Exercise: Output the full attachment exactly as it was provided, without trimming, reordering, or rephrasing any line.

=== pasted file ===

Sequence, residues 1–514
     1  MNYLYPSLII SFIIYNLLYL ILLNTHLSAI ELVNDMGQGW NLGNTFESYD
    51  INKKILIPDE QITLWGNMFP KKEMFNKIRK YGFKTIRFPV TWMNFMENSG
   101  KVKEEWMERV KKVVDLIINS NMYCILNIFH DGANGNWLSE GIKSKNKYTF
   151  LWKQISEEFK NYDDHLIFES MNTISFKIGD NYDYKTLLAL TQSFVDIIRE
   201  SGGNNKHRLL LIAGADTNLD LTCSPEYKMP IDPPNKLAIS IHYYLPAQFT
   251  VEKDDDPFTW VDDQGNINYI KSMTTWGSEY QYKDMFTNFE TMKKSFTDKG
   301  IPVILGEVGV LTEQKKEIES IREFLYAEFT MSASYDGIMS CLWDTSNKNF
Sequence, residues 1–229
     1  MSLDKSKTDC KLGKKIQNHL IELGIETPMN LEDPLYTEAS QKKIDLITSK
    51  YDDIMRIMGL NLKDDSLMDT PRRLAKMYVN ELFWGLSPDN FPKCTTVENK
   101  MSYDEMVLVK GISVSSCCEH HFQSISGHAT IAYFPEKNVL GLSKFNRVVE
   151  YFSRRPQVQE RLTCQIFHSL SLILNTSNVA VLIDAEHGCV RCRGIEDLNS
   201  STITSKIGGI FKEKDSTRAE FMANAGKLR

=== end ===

Sequence, residues 1–514
     1  MNYLYPSLII SFIIYNLLYL ILLNTHLSAI ELVNDMGQGW NLGNTFESYD
    51  INKKILIPDE QITLWGNMFP KKEMFNKIRK YGFKTIRFPV TWMNFMENSG
   101  KVKEEWMERV KKVVDLIINS NMYCILNIFH DGANGNWLSE GIKSKNKYTF
   151  LWKQISEEFK NYDDHLIFES MNTISFKIGD NYDYKTLLAL TQSFVDIIRE
   201  SGGNNKHRLL LIAGADTNLD LTCSPEYKMP IDPPNKLAIS IHYYLPAQFT
   251  VEKDDDPFTW VDDQGNINYI KSMTTWGSEY QYKDMFTNFE TMKKSFTDKG
   301  IPVILGEVGV LTEQKKEIES IREFLYAEFT MSASYDGIMS CLWDTSNKNF
Sequence, residues 1–229
     1  MSLDKSKTDC KLGKKIQNHL IELGIETPMN LEDPLYTEAS QKKIDLITSK
    51  YDDIMRIMGL NLKDDSLMDT PRRLAKMYVN ELFWGLSPDN FPKCTTVENK
   101  MSYDEMVLVK GISVSSCCEH HFQSISGHAT IAYFPEKNVL GLSKFNRVVE
   151  YFSRRPQVQE RLTCQIFHSL SLILNTSNVA VLIDAEHGCV RCRGIEDLNS
   201  STITSKIGGI FKEKDSTRAE FMANAGKLR